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New Memorial for the Legacy of Enslaved Black People Opens in Montgomery, Alabama

New Memorial for the Legacy of Enslaved Black People Opens in Montgomery, Alabama

Yesterday marked the official opening of Montgomery, Alabama’s new National Memorial for Peace and Justice, conceived and built by the Equal Justice Initiative. The National Memorial for Peace and Justice is the nation’s first memorial to be dedicated to the legacy of black slaves, lynching victims, people terrorized and humiliated by Jim Crow and segregation, and people of color threatened and oppressed by police violence.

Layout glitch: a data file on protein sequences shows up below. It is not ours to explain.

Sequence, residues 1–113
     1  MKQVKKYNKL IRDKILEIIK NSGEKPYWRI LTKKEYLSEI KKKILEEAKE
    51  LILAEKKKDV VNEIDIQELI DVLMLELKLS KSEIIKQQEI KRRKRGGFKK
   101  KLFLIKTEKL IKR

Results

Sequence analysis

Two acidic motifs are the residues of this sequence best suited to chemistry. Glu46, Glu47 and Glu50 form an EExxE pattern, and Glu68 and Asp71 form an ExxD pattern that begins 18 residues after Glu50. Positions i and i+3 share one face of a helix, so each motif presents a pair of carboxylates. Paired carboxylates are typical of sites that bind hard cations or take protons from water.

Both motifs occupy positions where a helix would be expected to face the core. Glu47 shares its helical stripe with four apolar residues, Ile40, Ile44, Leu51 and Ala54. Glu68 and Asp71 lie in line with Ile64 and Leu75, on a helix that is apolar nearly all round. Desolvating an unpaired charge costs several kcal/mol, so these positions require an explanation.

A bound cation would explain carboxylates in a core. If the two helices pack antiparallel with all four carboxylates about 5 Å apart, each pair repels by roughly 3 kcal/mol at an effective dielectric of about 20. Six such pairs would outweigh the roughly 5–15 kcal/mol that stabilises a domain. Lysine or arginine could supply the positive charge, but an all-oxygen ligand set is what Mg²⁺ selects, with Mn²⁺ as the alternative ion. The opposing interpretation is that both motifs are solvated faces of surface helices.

According to the EJI’s website, the Memorial for Peace and Justice “was conceived with the hope of creating a sober, meaningful site where people can gather and reflect on America’s history of racial inequality.” The memorial includes a sculpture from artist Kwame Akoto-Bamfo—it meets visitors when enter—before taking visitors on “a journey from slavery, through lynching and racial terror, with text, narrative, and monuments to the lynching victims in America.”

Dana King has a sculpture in the memorial dedicated to the women of the Montgomery Bus Boycott. The Mass Design Group put together the site’s central square, and the final work, on police violence and biased criminal justice, is from Hank Willis Thomas. The memorial displays writing from Toni Morrison, words from Dr. Martin Luther King Jr. and a reflection space in honor of Ida B. Wells.

For more information on the memorial, visit the website for the Equal Justice Initiative.

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